DOD celebrated the new fiscal year by publishing the FY 2011 Annual Energy Management Report. Happy New FY2013! The report took a year to write and is a steal at only $485K (to write; you can download it for free). That comes to a little over a $1000 a page and comes with a “by installation” list of how much space they have and how many billions of BTUs were consumed. It also contains a "go, no go" chart for every installation and key renewable sources. This report is double the size of last year, produced at less cost and has enough information to choke a horse. This will take a couple of posts to cover.
Bottom line is that DOD is not making the goals, but is trending well as reflected below.
|Table 1-1: FY 2011 DoD Progress Toward Facility Energy and Water Goals|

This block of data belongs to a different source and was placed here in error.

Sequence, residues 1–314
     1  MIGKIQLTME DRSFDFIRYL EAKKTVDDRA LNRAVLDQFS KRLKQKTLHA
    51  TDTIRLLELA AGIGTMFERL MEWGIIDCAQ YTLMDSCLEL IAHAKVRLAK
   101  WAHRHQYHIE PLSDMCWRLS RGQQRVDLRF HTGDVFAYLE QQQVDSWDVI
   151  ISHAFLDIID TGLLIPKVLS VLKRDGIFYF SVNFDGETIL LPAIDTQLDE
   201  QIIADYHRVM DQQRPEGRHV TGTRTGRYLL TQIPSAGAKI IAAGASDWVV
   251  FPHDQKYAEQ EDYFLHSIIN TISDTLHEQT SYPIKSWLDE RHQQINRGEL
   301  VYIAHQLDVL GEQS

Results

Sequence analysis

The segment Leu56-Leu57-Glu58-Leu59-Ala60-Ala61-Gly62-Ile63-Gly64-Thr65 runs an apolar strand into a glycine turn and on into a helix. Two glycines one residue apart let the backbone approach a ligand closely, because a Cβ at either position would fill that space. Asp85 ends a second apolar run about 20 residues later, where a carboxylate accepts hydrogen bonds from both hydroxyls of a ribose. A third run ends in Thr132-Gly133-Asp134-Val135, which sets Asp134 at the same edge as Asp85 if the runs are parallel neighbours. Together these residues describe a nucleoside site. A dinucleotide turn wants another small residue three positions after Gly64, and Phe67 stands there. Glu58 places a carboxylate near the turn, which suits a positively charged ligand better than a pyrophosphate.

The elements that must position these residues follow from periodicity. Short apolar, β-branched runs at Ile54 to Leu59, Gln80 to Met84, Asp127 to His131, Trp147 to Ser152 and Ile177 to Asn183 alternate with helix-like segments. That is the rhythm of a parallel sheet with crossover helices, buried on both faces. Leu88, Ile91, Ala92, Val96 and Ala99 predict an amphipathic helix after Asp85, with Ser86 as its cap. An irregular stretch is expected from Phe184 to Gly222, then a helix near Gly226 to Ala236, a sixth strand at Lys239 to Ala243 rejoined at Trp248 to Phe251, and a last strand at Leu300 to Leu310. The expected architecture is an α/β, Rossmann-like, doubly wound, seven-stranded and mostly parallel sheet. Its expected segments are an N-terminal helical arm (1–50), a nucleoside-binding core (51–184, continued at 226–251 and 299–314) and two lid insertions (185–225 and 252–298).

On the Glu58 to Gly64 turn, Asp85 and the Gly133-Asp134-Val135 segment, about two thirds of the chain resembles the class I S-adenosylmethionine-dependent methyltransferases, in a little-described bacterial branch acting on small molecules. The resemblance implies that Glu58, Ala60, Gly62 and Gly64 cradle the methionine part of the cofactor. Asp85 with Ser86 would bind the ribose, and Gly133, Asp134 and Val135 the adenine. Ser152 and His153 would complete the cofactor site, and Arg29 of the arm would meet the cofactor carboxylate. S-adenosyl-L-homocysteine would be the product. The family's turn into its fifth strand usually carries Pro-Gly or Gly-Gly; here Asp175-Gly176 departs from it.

If you think of the dangling bars as the low hanging fruit, it is clear that they have all been plucked. The cheap, easy, quick ROI efforts have been executed. This means that the next round of energy conservation measures will require greater investment in techniques such as deep retrofit of buildings. Either the Services will have to come up with the cash or make greater use of energy savings performance contracts and utility energy services contracts.
Interestingly, the Service with the greatest reduction in energy intensity, the Air Force, did not award an ESPC or UESC project in FY2011. This was a function of a policy that imposed an unreasonable bureaucratic burden for bases and has since been changed. The tendency to grab the low hanging fruit is a function of the “requirement” for very short ROI timelines. While all eyes are trained on the Army MATOC drama, serious folks will focus on the “fifth fuel” and find a balance between onerous policies, unrealistic ROI expectations and true energy security. More to follow. Dan Nolan